Fine Art and Editorial photographer Nancy Newberry is interested in the strange rituals of everyday life. Known for her photographs of people, her work often explores the interplay between individuality, social affiliation, nationalism and community. Her most well-known series, MUM is a tableau centered around a unique custom virtually unknown outside of her home state of Texas.
She has received many honors and awards for her work from both publications and institutions. Most recently, she was a Grand Prix Finalist at the 32nd International Festival of Fashion and Photography in Hyeres, France; received the Descubrimientos (Discovery) PhotoEspaña Prize in Madrid; Kolga Photo Award in Tbilisi, Georgia; PhotoVisa Award in Krasnodar, Russia; FotoFest Discoveries of the Meeting Place in Houston; and The Taylor Wessing Portrait Exhibition at the National Portrait Gallery in London.
Ms. Newberry’s photographs can regularly be seen in the pages of magazines and are in the permanent collection of The Museum of Fine Art, Houston; Centro de Arte Alcobendas, Spain; and Villa Noailles, Hyères, France. Her work has been exhibited throughout the US, Europe and China. She can often be found chasing tumbleweeds between home in Dallas and Marfa, Texas.
Photographed in Texas, this project is a survey of my own backyard, merging documentary portrayals with dreamlike creations investigating notions of nationalism and community.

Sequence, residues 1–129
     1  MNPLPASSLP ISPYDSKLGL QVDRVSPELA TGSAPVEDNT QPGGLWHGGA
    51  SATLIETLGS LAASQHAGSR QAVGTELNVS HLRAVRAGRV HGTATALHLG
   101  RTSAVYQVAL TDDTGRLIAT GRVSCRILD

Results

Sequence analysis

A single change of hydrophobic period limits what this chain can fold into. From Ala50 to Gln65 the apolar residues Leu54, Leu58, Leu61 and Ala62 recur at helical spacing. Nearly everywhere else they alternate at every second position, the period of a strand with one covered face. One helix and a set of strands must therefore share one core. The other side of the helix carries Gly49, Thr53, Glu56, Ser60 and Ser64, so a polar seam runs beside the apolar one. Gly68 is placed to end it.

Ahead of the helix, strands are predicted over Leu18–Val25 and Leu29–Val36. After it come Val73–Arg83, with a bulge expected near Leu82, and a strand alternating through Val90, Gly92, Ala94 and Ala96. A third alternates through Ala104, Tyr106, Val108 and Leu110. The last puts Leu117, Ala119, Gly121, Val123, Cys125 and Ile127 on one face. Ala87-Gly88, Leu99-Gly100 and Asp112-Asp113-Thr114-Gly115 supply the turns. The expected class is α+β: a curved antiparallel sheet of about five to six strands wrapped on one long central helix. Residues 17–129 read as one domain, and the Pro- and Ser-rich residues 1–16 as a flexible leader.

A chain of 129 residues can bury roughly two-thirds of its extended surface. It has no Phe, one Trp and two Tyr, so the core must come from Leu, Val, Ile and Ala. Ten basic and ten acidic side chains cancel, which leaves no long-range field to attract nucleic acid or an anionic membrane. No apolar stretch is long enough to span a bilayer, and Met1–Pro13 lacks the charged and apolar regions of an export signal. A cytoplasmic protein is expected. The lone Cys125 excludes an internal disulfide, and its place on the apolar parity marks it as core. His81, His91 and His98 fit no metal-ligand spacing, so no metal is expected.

Influenced by my Mother’s Italian heritage and my Texas upbringing, Smoke Bombs and Border Crossings draws inspiration from classic Spaghetti Western movies, the 1960’s subgenre of Italian Western films made famous by director Sergio Leone.
I have long been interested in the American archetype, the Wild West and how its iconic self-image is represented in television, movies and interpreted in the US and by other cultures. Simply telling people I am from Texas begins a discourse laced with stereotypes made famous by the genre.
Spaghetti Westerns famously appropriated, reinterpreted and questioned its own and Western mythologies. Reflecting cultural and political conditions of post-war Europe, the genre developed into a repository for issues concerning national identity on both sides of the Atlantic. I am intrigued by the present-day use of ‘the Wild West’ to either approve of or disparage the new frontier, and I am curious in what it could say about the current state of the American myth.
With an emphasis on costume and uniform, the work combines fact and fiction in punctuated phrases where subjects act out characters as part of a group or a team. This project integrates my ongoing fascination with regalia and continues my exploration of self-representation and cultural identity at large.
In Smoke Bombs and Border Crossings, Mexican Charros, American Cowboys and military groups become suspended in a playful sense of preparedness at the Texas Mexico Border; a territory of blended nationalities, legendary historical battles, contested land, and a very famous wall. This is the true Wild West.
Image credit: Nancy Newberry, Untitled, from Smoke Bombs and Border Crossings, 2016, Archival pigment print, 34 x 48.5 inches